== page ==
Creating a Coaching Culture

Barry Goldberg on Leadership

Creating a Coaching Culture

“We have done lots of research over the past three years, and we have found that leaders who have the best coaching skills have better business results.” — Tanya Clemens, vice president of Global Executive & Organizational Development at IBM

Coaching is trendy. Since the earliest days of the GROW model, first popularized by Sir John Whitmore in the 1980s, coaching has morphed from the Wild West through a process of professionalization and credentialing — and back to the Wild West. There are people coaching about everything, many with no training or professional peer review.

This is an Opinion

We'd also like to hear yours. Leave a comment below, tweet to us at @ArkBusiness or
email us.

But we have also come a long way since the early days. There is a depth of research about the value of coaching to business outcomes. And there has been a sea change in coaching over the last few years. Traditionally, companies hired an executive coach to work one-on-one with a high-potential leader or a senior executive being groomed for larger responsibility or to abet the business project lead in a sprint to deliver. I am biased, of course, when I say that there will continue to be those kinds of assignments for credentialed executive coaches.

But the broader, deeper and more scalable application of coaching is to teach coaching as a leadership and managerial competency at all levels of the organization. What was unthinkable in a purely top-down environment is now becoming mainstream. The basic proposition reverts to the adage, “If you give someone a fish, they eat today. If you teach them to fish, they can feed themselves for a lifetime.”

A coaching approach is not appropriate to all managerial circumstances, but for problem-solving, ideation, initiative and leadership, it can build depth and sustainability into an organization. And the leader who learns to coach benefits as well. Direct reports who learn to problem-solve and ideate need less supervision and can contribute more. Meetings become more future-focused and there are more candidates for promotion.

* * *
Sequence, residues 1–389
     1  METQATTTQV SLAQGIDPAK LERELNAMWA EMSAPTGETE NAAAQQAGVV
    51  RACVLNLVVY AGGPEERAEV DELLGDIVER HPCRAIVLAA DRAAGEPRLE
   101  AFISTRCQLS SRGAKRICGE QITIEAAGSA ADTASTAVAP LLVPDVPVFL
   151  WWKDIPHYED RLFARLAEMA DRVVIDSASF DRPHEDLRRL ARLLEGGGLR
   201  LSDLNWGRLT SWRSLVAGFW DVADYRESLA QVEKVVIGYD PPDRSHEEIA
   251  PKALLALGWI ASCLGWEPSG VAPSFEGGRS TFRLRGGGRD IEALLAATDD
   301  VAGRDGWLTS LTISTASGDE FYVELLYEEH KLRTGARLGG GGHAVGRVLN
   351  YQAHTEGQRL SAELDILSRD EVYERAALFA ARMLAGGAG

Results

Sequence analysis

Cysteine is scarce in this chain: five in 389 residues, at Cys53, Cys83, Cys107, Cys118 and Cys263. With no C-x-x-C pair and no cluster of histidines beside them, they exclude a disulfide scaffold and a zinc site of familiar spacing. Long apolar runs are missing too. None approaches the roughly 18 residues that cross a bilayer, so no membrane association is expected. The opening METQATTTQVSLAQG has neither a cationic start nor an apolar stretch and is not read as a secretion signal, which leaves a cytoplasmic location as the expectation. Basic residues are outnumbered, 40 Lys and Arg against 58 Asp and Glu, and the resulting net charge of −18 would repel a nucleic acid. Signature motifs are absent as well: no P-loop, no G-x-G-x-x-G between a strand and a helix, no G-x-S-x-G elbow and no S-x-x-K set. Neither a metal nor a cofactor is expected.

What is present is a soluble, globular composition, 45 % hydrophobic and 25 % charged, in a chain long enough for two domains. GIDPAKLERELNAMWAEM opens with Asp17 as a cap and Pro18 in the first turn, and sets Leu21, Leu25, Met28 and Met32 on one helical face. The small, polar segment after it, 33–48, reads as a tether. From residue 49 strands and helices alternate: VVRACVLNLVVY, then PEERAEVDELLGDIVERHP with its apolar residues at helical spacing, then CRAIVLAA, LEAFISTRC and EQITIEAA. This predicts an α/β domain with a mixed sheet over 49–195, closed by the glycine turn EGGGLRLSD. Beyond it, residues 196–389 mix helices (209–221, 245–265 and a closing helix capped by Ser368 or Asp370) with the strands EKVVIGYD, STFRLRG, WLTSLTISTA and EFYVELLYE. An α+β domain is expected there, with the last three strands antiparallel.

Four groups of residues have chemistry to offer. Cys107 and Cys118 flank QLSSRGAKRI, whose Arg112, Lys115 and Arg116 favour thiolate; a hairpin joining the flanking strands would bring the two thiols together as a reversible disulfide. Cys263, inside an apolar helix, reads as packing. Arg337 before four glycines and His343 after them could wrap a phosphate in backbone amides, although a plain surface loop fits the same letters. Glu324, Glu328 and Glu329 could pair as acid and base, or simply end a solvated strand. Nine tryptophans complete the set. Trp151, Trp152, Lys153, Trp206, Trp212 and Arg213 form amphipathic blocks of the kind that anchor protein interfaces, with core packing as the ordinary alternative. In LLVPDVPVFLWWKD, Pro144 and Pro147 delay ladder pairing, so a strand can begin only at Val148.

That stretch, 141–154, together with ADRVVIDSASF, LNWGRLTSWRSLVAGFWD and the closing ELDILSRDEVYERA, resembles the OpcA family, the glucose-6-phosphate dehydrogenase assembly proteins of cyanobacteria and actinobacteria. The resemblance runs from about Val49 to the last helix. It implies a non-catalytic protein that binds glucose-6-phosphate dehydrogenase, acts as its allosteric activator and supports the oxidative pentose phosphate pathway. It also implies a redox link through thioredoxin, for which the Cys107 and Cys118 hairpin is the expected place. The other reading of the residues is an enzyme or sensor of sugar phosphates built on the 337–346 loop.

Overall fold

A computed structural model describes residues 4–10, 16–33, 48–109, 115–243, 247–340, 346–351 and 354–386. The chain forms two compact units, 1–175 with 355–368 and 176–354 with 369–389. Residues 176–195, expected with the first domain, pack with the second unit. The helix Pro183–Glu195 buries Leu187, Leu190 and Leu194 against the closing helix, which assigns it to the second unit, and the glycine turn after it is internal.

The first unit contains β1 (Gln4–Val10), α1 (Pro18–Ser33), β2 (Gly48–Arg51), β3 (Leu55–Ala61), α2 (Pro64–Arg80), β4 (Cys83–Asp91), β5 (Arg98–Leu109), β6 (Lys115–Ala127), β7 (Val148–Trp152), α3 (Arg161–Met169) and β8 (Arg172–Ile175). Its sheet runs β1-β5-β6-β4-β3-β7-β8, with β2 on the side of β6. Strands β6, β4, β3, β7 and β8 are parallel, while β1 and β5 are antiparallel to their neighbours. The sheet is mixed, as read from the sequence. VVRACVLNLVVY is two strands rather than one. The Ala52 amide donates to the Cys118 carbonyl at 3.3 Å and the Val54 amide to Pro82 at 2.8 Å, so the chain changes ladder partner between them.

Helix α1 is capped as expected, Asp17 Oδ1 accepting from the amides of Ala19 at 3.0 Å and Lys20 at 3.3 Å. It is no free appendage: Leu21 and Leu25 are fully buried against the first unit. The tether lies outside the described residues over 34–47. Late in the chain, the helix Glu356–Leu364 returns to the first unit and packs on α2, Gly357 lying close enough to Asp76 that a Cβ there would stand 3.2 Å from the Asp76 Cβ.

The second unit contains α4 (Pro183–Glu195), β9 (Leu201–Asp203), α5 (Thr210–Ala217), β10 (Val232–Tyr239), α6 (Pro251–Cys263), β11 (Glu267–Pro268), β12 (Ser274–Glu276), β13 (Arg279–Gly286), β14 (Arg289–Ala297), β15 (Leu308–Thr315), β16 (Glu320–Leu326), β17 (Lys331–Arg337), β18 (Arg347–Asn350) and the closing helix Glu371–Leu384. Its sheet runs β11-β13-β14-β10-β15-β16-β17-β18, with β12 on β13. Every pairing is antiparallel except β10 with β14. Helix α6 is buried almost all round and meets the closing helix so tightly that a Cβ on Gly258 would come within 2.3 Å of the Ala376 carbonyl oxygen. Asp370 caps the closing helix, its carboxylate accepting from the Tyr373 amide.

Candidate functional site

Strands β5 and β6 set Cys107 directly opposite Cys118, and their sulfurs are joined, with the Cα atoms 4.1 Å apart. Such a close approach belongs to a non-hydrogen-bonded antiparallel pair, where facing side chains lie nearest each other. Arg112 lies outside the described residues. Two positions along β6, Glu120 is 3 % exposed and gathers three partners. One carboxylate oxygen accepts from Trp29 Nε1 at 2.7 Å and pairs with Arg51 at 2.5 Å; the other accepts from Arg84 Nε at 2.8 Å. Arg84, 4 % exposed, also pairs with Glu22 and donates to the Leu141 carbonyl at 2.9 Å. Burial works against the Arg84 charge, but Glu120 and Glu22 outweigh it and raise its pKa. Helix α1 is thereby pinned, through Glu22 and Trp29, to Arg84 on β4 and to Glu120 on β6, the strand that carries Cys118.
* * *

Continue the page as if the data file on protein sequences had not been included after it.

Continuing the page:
But creating a coaching culture faces challenges. On a recent visit with a client, she and I were walking to her office after getting coffee and were waylaid by one of her direct reports asking for advice on a project that was stuck. The situation was familiar, and she was able to give him a suggestion and send him on his way in about five minutes. 

While that was efficient, it was a single instance of training her direct report to be dependent on her judgment and experience. A little spot coaching might have taken longer, but would also have increased the manager’s capacity to problem-solve and work independently. 

A big deal? Nope. But multiply it by the eight direct reports she has — and those of her peers — and those who report to them and what appears to be an efficient exchange becomes a drain and a loss of leverage and creativity. Run that same model vertically and we can begin to see the power of a coaching culture.

But beware — there are challenges to a coaching approach. Naturally, it takes time and expense to train leaders and managers to coach. It is not rocket science, but it is a skill that needs training time and practice. That investment pays off sooner and more effectively in a culture that focuses on effectiveness at least in parity with efficiency. Coaching is a learnable skill for organizational managers and leaders, and a powerful force for retention and effectiveness at all levels of an organization.

I. Barry Goldberg of Little Rock is a credentialed leadership and executive coach. He trained for coaching at Georgetown University’s Institute for Transformational Leadership.